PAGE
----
ST. PAUL, Minn., Nov. 18, 2010 (GLOBE NEWSWIRE) -- Aetrium Incorporated (Nasdaq:ATRM) today announced that Joseph C. Levesque, its long time chief executive officer, will retire from that post effective December 31, 2010. John J. Pollock, the company's president and chief operating officer, will become the company's chief executive officer upon Mr. Levesque's retirement. Mr. Levesque will continue as the chair of the company's board of directors.
Mr. Pollock, 51, has served in a variety of management positions with the company since 1996. He has served as the company's president since October 2009 and as the company's chief operating officer since August 2010. From December 2001 to October 2009, Mr. Pollock served as the vice president and general manager of the company's North St. Paul operations.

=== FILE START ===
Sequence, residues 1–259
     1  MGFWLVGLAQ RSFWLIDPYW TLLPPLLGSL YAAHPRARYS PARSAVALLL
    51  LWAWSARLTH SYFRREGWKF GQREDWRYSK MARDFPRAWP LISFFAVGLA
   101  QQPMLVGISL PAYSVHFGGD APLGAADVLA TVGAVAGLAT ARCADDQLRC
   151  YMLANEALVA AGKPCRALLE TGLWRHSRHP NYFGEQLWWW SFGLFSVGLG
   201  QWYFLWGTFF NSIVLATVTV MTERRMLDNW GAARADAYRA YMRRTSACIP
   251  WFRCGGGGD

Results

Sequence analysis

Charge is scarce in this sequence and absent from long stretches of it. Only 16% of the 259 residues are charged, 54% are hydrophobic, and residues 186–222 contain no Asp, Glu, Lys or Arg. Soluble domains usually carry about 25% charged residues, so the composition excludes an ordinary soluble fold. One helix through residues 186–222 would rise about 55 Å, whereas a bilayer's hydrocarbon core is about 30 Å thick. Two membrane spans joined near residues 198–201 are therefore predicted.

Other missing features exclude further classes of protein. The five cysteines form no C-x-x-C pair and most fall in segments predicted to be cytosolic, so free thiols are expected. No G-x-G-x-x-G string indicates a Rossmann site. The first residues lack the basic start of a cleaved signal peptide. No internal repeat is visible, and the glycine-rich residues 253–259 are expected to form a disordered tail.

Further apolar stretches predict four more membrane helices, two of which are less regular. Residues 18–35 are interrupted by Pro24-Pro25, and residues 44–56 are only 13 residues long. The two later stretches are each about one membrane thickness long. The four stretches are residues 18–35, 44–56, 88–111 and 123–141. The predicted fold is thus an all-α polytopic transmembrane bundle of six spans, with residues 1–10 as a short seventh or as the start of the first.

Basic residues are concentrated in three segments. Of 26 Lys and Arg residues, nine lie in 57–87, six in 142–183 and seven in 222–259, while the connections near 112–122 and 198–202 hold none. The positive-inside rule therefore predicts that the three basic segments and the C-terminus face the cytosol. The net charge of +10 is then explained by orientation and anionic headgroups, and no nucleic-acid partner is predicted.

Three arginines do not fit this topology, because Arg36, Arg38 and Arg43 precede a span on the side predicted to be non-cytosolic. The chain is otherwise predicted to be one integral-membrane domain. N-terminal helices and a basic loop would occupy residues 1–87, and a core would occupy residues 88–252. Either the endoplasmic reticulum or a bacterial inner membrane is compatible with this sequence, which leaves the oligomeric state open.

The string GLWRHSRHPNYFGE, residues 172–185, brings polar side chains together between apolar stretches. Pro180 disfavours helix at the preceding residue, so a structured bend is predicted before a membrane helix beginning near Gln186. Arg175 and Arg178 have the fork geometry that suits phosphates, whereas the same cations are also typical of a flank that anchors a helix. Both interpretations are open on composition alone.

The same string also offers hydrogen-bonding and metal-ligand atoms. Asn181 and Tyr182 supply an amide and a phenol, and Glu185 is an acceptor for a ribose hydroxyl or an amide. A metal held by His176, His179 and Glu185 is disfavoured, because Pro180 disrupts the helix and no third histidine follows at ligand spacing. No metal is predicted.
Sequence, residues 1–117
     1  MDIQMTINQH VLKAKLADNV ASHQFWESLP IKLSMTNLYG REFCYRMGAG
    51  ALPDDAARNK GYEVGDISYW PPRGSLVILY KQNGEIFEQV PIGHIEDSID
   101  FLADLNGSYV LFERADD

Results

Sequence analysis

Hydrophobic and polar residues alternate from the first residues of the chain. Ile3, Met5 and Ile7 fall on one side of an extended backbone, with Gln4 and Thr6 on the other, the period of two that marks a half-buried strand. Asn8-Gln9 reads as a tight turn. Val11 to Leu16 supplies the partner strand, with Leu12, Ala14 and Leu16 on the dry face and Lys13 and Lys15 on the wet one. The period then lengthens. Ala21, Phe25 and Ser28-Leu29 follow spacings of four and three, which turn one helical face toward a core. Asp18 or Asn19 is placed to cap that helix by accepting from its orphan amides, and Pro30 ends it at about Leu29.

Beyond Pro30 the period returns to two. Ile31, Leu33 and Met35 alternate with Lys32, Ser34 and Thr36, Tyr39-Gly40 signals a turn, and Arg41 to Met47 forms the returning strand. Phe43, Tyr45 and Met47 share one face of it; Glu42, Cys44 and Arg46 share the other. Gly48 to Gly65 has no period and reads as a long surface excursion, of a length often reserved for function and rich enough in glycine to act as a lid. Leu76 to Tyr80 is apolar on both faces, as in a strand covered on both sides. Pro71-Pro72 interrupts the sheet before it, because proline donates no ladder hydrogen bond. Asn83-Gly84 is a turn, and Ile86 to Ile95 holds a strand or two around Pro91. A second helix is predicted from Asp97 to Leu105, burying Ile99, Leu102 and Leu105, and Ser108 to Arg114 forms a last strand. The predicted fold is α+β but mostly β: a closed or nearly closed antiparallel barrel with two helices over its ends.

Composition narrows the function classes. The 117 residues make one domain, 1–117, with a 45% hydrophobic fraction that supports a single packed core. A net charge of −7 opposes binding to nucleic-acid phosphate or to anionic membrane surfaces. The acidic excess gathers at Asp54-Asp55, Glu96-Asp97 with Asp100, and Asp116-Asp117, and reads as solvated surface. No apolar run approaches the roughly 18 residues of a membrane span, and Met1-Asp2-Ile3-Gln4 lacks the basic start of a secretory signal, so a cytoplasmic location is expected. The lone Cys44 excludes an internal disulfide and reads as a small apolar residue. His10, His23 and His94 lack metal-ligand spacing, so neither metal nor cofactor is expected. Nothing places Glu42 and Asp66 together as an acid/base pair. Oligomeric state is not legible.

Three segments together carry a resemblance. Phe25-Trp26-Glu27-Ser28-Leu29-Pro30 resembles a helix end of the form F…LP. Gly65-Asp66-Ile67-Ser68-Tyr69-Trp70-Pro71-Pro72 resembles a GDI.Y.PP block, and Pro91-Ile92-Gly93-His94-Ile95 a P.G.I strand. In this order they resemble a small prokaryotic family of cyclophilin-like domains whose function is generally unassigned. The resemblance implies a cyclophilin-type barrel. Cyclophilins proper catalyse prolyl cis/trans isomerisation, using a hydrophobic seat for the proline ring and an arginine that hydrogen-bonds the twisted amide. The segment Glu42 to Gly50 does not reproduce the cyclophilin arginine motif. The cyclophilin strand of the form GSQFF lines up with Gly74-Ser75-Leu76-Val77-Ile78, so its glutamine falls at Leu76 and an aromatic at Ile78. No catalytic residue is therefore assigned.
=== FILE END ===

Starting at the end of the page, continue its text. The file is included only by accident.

"John has been doing an excellent job assuming more and more executive management responsibility as we have been implementing our succession plan," Mr. Levesque said. "John's many years in various management roles at the company, his broad knowledge and experience with our industry and customers, and his business acumen all make John an excellent choice to assume the chief executive reins of the company.""I am both pleased and honored to have been selected by Joe and the rest of the board to take on the role of chief executive officer of the company," Mr. Pollock said. "Joe has been the moving force behind the company's successes for twenty-five years. I look forward to the challenge his example has set, and we are very fortunate that we will continue to have his wisdom and depth of experience available to us as he continues as chair of our board." Certain matters in this news release are forward-looking statements which are subject to risks and uncertainties that could cause actual results to differ materially from those projected. Such risks and uncertainties include, but are not limited to, adverse domestic or global economic conditions, slowing growth in the demand for semiconductor devices, the volatility and cyclicality of the microelectronics industry, changes in the rates of capital expenditures by semiconductor manufacturers, progress of product development programs, unanticipated costs associated with the integration or restructuring of operations, and other risk factors set forth in the company's SEC filings, including its Form 10-K for the year ended December 31, 2009.